4 Product Backlog Prioritization Techniques That Work – Perforce


When it comes to managing your product backlog, prioritization is key. But with so many items to address, how do you determine which ones to tackle first? In this article, we’ll explore four effective techniques for product backlog prioritization that will help you make informed decisions.

Technique 1: Stack Ranking

Stack ranking is a straightforward method that involves evaluating each backlog item and placing them in order of priority. You start with the most important item and continue down the list until you’ve ranked them all. One of the advantages of stack ranking is that it eliminates the confusion of having multiple high-priority items. By comparing each item relative to the others, you can establish a clear and accurate hierarchy.

Technique 2: Kano Model

The Kano model, developed by Professor Noriaki Kano, categorizes features based on customer needs and expectations. It classifies items into five thresholds: Must-be, Attractive, One-Dimensional, Indifferent, and Reverse. Must-be features are essential and expected by customers, while Attractive features bring happiness when present but don’t disappoint when absent. One-Dimensional features create satisfaction when included, and Indifferent features have no impact on satisfaction. Reverse features, on the other hand, actually make customers unhappy when present. Using the Kano model helps ensure that your product includes a balanced mix of customer-focused features.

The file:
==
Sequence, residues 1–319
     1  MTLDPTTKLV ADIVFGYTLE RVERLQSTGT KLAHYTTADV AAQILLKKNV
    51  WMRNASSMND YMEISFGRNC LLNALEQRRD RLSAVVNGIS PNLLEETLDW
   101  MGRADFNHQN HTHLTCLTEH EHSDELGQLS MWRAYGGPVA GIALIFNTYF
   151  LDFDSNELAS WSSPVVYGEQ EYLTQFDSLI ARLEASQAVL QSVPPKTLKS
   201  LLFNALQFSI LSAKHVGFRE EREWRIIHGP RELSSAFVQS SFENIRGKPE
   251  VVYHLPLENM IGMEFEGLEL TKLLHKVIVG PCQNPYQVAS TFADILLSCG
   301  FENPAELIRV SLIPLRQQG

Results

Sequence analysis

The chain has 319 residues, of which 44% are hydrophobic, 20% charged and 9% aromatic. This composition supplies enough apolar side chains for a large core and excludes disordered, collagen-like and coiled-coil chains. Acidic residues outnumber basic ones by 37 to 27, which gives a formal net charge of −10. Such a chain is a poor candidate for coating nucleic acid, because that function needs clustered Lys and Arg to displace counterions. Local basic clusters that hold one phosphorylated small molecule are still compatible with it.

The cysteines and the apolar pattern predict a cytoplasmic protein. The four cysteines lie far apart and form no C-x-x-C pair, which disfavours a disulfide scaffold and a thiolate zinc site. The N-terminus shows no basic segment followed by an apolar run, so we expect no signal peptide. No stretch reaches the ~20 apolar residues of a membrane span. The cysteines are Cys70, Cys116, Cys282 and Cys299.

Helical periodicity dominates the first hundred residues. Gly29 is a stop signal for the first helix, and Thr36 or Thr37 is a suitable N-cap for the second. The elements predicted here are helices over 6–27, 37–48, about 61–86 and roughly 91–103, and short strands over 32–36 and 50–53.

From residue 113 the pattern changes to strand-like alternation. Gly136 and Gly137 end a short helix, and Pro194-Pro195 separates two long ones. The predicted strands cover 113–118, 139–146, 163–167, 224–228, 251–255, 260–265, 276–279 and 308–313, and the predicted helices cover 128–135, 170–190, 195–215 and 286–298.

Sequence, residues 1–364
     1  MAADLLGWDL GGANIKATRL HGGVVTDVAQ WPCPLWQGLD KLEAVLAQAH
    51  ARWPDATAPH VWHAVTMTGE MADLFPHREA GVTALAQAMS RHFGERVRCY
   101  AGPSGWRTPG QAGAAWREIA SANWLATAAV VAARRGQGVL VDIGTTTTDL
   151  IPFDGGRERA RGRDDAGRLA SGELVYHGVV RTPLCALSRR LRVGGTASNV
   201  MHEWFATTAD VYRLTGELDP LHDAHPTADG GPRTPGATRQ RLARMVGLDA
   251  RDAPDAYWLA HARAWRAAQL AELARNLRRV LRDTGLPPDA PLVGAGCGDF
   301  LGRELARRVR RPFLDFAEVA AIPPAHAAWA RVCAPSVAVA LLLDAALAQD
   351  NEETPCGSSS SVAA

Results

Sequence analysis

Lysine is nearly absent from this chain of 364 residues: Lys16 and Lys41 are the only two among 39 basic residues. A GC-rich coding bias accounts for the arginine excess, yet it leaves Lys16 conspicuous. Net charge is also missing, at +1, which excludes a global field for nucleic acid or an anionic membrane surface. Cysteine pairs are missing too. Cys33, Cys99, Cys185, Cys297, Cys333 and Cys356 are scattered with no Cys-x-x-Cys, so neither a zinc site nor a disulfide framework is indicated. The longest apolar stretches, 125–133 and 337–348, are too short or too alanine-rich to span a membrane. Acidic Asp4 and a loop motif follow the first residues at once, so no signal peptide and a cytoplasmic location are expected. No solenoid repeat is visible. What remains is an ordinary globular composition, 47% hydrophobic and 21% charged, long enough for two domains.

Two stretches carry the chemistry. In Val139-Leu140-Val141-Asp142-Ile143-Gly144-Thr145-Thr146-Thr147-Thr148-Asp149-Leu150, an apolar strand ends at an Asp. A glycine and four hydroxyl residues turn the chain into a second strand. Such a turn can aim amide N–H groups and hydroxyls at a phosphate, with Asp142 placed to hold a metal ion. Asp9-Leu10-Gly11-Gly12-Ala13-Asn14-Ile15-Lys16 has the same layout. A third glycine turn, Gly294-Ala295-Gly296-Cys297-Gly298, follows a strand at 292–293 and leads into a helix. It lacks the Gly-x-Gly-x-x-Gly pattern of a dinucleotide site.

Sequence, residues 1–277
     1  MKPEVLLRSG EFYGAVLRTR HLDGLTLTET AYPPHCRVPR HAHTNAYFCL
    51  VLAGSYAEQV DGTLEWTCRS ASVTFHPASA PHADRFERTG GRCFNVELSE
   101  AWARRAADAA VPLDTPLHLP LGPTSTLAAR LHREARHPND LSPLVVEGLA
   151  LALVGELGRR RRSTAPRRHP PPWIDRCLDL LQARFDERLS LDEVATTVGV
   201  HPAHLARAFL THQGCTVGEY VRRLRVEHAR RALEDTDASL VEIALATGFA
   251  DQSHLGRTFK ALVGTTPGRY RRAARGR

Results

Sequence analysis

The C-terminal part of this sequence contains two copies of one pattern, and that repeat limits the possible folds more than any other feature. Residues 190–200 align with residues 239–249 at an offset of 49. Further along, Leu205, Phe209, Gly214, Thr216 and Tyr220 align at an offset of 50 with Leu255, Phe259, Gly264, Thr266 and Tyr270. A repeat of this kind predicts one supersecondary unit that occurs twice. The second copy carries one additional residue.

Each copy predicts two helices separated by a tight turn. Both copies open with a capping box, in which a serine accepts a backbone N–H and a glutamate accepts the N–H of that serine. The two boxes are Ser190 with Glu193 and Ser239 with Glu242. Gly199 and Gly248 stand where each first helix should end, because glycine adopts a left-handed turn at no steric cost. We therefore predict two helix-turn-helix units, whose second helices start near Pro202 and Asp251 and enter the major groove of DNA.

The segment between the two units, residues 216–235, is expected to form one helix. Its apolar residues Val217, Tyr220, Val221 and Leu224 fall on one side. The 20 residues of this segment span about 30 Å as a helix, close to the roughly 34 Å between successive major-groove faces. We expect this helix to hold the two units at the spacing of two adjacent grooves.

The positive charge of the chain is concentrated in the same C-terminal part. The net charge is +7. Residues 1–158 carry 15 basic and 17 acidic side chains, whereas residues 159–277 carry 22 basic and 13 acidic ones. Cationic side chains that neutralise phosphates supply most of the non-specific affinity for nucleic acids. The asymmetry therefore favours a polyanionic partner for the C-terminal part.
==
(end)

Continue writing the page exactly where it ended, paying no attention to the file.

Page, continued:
Technique 3: MoSCoW Method

The MoSCoW method, devised by data scientist Dai Clegg, is widely used in Agile software development. This method categorizes backlog items into four groups: Must Have, Should Have, Could Have, and Won’t Have. Must Have features are crucial for the success and viability of your product, while Should Have items are important but not essential. Could Have features are desirable but less critical than Should Have items. Won’t Have items are agreed upon not to be delivered at the moment but may be considered in the future if necessary. The MoSCoW method allows you to prioritize items based on their importance and impact on your product.

Technique 4: Cost of Delay

The cost of delay is a concept emphasized by lean thought leader Donald Reinertsen. It quantifies the cost incurred for each feature by delaying its delivery. By comparing the cost of delay with other factors such as implementation effort, you can determine the priority of each item. The cost of delay can be measured in various ways, including monetary value, reputation, or story points. Considering factors such as linear cost of delay, fixed date, intangible consequences, and expedite needs, you can make informed decisions about which features to prioritize.


Prioritizing your product backlog is essential for effective product management. While there’s no one-size-fits-all approach, these four techniques – stack ranking, Kano model, MoSCoW method, and cost of delay – provide valuable frameworks for making informed decisions. Experiment with these techniques, learn from your experience, and refine your prioritization process over time. By doing so, you’ll be able to deliver a successful product that meets customer needs and expectations.

Learn about prioritizing a product backlog and more in Hansoft

Learn about prioritizing a product backlog and more in

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